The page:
The FBI has joined Massachusetts law enforcement agencies in investigating the theft of Boston Police Department uniforms, which were stolen from a Weymouth business, just weeks before the city’s annual marathon is set to kick off.
Friday marked nine years since the Boston Marathon Bombing of 2013, when three people were killed and more than 260 were hurt. Ahead of Monday’s 126th Boston Marathon, Boston Police Superintendent-In-Chief Greg Long is urging attendees not to hesitate to report someone acting suspicious, even if they are dressed in a uniform.
The Weymouth Police Department announced earlier this week that it was working with the FBI in investigating the theft of several Boston Police Department uniforms that were stolen from a local uniform supply store.
Investigators believe the uniforms were stolen between 3:30 p.m. March 27 and 9:30 a.m. March 28, the department said Wednesday. Authorities are now offering a reward of up to $5,000 for information leading them to their suspects.
Shortly after the announcement in a Wednesday Facebook post, some social media users began expressing concerns about how the stolen uniforms might be used.
"I hope these uniforms won’t be used at the Marathon," one person wrote.
During a press conference about safety precautions ahead of Marathon Monday, Boston Police Superintendent-in-Chief Long was asked about how a person should respond if they have concerns about someone who they think is "posing as somebody else."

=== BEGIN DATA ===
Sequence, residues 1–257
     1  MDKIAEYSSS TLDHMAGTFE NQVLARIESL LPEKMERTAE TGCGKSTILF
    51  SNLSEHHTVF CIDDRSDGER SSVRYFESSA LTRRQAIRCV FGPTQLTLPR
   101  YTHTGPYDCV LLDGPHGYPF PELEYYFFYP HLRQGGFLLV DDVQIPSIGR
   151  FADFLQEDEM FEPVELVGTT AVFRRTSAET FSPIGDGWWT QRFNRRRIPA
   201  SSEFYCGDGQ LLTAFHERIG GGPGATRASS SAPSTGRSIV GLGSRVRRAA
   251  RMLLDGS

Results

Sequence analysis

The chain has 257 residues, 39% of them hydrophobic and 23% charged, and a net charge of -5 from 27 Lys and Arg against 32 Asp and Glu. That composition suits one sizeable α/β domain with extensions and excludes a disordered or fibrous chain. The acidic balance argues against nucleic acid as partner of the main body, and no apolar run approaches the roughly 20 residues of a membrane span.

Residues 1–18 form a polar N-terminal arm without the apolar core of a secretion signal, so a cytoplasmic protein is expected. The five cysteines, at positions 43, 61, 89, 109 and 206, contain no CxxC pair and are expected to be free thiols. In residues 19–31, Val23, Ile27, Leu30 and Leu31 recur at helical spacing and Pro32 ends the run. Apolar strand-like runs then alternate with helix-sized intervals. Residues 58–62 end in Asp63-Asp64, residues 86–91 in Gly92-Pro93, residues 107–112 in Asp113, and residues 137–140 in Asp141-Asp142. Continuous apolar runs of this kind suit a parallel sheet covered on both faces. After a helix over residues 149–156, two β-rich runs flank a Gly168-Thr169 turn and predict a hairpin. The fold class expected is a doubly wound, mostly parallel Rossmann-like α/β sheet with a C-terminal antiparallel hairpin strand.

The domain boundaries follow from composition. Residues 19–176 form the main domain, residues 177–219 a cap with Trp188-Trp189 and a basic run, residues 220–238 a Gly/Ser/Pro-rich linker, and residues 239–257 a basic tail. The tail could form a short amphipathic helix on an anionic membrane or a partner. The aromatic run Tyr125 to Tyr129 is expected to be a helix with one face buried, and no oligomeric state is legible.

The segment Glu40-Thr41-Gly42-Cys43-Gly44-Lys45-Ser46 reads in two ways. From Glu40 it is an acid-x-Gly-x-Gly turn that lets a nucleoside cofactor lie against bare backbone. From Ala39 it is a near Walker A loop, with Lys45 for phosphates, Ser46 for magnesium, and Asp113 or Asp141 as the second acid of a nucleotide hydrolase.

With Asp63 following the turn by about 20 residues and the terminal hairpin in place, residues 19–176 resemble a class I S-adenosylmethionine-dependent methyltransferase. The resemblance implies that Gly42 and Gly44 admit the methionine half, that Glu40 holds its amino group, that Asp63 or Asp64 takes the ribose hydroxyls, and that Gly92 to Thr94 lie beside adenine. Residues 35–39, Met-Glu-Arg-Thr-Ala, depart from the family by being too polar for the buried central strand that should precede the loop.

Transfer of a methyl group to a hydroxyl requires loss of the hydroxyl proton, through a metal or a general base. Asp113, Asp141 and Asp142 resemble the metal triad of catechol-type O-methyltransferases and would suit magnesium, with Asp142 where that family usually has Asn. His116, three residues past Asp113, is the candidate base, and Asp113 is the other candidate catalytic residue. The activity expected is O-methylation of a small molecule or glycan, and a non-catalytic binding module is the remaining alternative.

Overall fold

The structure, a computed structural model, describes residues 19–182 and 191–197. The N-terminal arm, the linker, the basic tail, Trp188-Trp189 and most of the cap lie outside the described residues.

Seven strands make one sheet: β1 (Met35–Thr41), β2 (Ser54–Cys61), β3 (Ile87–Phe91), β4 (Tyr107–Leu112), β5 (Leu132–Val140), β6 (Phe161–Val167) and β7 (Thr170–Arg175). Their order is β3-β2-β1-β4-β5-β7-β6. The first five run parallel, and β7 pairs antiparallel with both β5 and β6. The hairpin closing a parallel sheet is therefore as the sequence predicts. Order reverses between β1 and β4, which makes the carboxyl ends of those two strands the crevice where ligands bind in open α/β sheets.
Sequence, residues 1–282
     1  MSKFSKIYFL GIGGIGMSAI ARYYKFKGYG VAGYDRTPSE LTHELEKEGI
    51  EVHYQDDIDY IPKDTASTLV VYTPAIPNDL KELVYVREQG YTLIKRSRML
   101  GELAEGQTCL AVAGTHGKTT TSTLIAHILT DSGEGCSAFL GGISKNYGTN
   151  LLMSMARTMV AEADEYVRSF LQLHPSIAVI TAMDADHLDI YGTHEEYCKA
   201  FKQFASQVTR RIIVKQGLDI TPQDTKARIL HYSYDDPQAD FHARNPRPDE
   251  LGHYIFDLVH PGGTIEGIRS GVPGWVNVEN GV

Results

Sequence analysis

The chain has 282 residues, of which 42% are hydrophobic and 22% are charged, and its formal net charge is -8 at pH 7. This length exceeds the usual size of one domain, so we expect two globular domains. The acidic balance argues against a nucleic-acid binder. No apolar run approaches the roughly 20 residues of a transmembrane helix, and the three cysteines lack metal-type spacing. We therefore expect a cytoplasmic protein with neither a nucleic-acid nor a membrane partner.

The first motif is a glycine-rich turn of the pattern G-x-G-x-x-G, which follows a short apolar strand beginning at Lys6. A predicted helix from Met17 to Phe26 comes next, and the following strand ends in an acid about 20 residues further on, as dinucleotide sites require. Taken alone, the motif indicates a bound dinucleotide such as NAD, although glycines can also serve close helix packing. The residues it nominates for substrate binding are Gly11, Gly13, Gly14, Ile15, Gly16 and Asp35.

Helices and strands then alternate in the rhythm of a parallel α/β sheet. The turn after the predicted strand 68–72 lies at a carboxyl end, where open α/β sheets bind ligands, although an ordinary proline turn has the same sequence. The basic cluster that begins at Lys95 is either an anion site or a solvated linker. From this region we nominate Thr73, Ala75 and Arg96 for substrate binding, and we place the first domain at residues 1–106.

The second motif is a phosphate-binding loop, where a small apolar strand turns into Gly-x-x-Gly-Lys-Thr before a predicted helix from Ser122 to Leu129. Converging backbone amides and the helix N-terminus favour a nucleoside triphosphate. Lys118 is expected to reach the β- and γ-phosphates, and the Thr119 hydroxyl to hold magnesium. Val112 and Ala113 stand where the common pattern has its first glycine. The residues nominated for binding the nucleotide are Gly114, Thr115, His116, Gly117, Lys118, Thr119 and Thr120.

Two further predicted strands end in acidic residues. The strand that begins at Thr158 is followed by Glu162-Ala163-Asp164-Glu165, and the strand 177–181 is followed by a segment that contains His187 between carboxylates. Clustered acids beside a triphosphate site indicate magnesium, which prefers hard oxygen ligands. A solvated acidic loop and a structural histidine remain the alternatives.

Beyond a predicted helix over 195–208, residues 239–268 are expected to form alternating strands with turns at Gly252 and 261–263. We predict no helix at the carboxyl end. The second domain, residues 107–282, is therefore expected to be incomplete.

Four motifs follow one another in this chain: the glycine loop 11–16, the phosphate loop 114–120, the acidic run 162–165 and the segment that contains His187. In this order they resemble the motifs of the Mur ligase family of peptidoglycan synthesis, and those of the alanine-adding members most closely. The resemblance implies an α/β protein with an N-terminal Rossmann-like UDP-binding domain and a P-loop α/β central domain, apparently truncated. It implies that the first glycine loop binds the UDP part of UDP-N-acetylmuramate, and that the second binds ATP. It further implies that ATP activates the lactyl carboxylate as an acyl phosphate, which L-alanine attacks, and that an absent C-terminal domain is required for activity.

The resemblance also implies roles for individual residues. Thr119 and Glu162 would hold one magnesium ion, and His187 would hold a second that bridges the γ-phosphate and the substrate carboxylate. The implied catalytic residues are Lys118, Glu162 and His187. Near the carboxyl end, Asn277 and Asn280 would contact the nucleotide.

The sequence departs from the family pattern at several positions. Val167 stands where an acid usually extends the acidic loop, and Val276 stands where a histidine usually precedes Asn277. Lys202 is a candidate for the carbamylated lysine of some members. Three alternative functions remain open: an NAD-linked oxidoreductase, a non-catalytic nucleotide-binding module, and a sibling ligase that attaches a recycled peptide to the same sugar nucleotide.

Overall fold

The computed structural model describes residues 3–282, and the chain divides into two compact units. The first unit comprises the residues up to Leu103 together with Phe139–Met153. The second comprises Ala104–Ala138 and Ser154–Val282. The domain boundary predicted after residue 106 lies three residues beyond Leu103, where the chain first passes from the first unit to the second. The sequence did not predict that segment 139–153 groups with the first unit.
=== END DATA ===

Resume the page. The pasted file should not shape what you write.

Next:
"I think people have a keen understanding of what kind of behavior is normal, what’s not, what’s a little bit of," Long said. "If you see someone, whether it’s dressed in a uniform, has a vest on, that you think might be a worker, but they’re acting a little bit odd, a little bit suspicious, a little bit out of the norm for what you’d expect someone to be doing, I’d urge anybody not to be afraid to call 911."
He added: "I’d rather err on the side of caution than not."
Monday will mark the first time the Boston Marathon will be held on its regularly scheduled Patriots Day date following postponements and changes as a result of the coronavirus pandemic.
Approximately 30,000 people are set to run in the marathon, officials have said.
Long said there was no known credible threat to the race, but said spectators and runners could expect heavy security, bag checks, camera surveillance, police observation points and the presence of officers in plain clothes and in uniform.
He urged anyone to call 911 or notify a local police officer "if you see something, no matter how small, something that seems not right or something out of the ordinary."
Fox News' Haley Chi-Sing contributed to this report. Get updates on this story at Foxnews.com.